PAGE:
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Back to Auchentoshan; I have previously tasted and reviewed the Classic, Select, 12yo, and Three Wood. Now the 18yo:
First vapor: Drying grass.
Nose1: Creme caramel, soft and simple. With time, the flan gains red apple and almond skins.
Nose2: Wait at least 10 minutes, without disturbance, for these nose elements to intensify somewhat: flan becomes fresh banana slices on a wheat toast, spread with macadamia nut butter.
Palate: Citric grass and caramel, on entrance. Dries bitterly with oaky nutmeg, over a base of fresh laundy. Midpalate, the oak partially mellows to cashew, still with nutmeg tingling into the finish.
Finish: Light vanilla, dry and woody: The oak is like that wheat toast, macadamia nut, and almond skins.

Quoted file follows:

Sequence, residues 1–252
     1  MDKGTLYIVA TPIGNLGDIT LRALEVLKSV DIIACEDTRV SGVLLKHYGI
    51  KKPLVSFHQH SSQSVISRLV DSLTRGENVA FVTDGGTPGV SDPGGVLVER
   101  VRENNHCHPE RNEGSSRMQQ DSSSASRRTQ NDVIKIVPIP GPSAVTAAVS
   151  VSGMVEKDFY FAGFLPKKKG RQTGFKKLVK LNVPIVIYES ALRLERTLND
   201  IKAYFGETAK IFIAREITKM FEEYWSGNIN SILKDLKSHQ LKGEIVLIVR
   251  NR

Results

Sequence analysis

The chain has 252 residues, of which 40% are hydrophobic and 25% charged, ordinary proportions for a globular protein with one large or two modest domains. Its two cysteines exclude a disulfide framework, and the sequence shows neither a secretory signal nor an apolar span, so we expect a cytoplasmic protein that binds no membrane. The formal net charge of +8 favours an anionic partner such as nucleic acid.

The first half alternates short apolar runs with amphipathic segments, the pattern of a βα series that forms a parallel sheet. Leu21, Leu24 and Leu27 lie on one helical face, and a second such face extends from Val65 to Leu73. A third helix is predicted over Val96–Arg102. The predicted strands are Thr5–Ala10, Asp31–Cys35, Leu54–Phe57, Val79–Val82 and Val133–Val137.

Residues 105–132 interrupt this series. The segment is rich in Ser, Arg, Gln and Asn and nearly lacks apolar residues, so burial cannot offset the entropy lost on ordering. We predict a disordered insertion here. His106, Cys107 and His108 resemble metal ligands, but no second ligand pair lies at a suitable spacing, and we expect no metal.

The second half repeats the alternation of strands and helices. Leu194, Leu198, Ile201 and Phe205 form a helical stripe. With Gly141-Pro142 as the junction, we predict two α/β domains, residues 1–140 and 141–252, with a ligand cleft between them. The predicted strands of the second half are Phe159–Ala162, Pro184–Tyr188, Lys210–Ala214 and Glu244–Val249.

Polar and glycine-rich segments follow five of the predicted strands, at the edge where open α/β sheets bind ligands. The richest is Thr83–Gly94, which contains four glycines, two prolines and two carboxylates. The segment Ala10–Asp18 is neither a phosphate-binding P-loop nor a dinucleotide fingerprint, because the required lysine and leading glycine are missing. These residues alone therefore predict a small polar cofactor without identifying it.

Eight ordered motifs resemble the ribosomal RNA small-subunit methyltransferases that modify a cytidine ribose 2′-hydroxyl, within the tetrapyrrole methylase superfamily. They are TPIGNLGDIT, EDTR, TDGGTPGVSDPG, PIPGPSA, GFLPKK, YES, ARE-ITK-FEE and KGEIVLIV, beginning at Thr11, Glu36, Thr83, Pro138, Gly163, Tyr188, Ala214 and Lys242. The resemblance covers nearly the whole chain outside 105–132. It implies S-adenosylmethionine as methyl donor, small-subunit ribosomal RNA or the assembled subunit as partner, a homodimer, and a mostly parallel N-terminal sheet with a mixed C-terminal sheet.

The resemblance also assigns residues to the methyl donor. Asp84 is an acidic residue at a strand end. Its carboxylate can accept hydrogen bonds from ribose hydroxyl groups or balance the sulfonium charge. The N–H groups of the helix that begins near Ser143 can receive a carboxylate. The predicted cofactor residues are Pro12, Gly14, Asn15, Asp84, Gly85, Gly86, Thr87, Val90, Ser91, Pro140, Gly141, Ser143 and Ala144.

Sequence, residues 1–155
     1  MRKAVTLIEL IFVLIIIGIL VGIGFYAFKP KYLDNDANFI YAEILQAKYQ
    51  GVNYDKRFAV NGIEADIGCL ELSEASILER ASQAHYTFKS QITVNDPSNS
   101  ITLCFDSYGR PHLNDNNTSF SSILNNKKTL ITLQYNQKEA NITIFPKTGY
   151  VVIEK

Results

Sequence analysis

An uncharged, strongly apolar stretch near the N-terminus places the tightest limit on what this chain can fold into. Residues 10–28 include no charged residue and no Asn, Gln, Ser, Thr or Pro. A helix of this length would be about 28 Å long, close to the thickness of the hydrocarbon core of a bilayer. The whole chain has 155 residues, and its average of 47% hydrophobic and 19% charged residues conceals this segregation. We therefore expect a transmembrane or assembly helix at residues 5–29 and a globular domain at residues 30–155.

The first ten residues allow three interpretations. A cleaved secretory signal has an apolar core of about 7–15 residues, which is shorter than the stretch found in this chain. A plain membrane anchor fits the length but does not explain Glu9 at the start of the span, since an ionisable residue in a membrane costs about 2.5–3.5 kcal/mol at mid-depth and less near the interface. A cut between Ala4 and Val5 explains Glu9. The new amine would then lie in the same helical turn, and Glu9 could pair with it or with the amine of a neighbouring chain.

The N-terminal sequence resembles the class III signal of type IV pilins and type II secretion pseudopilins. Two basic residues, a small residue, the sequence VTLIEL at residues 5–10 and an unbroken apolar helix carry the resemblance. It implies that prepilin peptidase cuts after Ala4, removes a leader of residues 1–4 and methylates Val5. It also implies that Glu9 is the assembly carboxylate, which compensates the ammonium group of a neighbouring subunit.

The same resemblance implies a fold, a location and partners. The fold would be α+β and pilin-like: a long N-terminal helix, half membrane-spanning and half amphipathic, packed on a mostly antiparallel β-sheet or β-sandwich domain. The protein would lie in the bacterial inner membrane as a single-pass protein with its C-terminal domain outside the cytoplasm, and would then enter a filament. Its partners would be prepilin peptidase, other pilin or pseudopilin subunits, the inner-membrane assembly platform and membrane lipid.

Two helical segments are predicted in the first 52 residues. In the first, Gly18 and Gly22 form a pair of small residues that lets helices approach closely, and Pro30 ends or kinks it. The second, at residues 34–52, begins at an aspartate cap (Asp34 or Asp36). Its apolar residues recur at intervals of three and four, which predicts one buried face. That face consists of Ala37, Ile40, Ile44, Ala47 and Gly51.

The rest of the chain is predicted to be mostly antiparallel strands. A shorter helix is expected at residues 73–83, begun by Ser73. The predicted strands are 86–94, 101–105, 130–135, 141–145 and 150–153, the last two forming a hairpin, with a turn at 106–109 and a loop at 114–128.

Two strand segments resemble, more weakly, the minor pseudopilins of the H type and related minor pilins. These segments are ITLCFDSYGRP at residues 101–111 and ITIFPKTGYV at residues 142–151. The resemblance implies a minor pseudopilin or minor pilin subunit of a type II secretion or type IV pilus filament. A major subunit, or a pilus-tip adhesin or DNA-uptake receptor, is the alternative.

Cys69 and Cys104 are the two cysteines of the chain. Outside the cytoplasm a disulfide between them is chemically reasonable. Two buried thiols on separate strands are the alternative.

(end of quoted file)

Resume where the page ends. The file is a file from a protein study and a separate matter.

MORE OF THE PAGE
The Auchentoshan 18 is lighter than I expected. Compared to the 12yo, it hints at a similar character but is toned down to the softness of the Auchentoshan Select. In fact, if comparing to the 12yo, then it is best described with subtractions: For example, the nose now happily lacks the bitter grass element, but sadly lacks the caramel and coconut. And the palate now lacks the too-intense oak entrance, but at the same time lacks the smoothening toffee. The overall impression is of light oak: not too bitter, not too sweet-- unfortunately not too anything.
I had higher hopes for the higher age, but I think overall I would prefer the 12yo. And as always, I most happily and heartily recommend the Auchentoshan Three Wood, which is more robust with toffee/vanilla/floral notes while keeping the peppering oaky accent found in these others.
The most similar light malt I have tasted was perhaps the Balvenie 12yo Double Wood; see that review if you are looking to explore these lighter shades of Scotch.
And if you want something richer, this 18yo malt strikes me as a toned-down version of another 18yo: the Bunnahabhain, which includes some salt in addition to more intensity of the toasty-oak sensations.